Me being me, I was tense throughout, though I managed to chat to a few parents here and there, and survey the children, hoping none of them would break free from the work table and send a shelf-load of unpainted pottery crashing to the floor (they didn’t).
Ben sat with the kids, encouraging them to keep painting. I hovered. Rosie was in her element, joyful at her own party – something she had been looking forward to for months, while I’d been watching it approach with dread.
Dread because I was terrified that no one would come. My mind kept returning to a long-ago birthday, when I was seven or eight and watching the hours go by, waiting for someone to turn up to my party. No one did. I don’t remember what my mum said to me. I remember nothing but that horrible sucking feeling in the pit of my stomach. The one that comes with the realisation that no one likes you.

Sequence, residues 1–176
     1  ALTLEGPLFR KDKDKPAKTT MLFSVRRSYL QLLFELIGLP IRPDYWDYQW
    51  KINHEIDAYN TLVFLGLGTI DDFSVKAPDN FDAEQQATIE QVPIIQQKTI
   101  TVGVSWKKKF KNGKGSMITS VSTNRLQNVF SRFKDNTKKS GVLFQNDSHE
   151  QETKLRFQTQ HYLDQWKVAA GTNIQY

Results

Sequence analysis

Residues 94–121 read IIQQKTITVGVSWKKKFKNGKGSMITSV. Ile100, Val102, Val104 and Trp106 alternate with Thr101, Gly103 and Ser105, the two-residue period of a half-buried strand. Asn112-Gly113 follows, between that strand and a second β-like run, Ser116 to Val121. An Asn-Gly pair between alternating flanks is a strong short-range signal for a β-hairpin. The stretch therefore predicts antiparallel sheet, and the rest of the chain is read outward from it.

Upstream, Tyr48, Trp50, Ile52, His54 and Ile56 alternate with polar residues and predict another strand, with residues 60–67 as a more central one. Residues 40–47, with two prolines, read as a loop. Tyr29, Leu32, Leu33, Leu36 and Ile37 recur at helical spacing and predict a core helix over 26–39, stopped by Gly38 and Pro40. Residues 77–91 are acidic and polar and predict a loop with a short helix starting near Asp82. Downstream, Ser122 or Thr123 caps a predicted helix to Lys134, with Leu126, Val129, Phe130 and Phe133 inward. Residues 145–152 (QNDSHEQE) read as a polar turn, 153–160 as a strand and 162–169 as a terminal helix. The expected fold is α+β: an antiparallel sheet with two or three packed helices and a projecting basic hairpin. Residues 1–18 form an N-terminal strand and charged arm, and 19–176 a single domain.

Not so, Rosie. Everyone, bar one child, made it to her birthday. She was spared my childhood anguish and I was spared that impossible conversation with my daughter, in which no explanation, other than the truth of one’s own unpopularity, is possible. Rosie, of course, had no such qualms. Thoughts like these never enter the heads of four-soon-to-be-five-year-olds.
Lost in sleep
Now, as I gaze at her face lost in sleep, I marvel at the journey she’s taken, and at her resilience in the face of a near-lifetime of trauma. But children are children, aren’t they? Her dad is an alcoholic. Her mum is a lunatic most of the time. This is her reality. She takes the improvements as they come, just as she takes the knocks. Her fortitude comes from the certainty that she is loved.
Limbs splayed, mouth ajar, breathing in dreams,
her expression as still as sculpture,
her chest rising and falling like gently ambling waves.
Little wanderer, lost in a somnolent wood
stumbles softly in the loam,
finds wings unfolding slowly,
sparkling under moonlight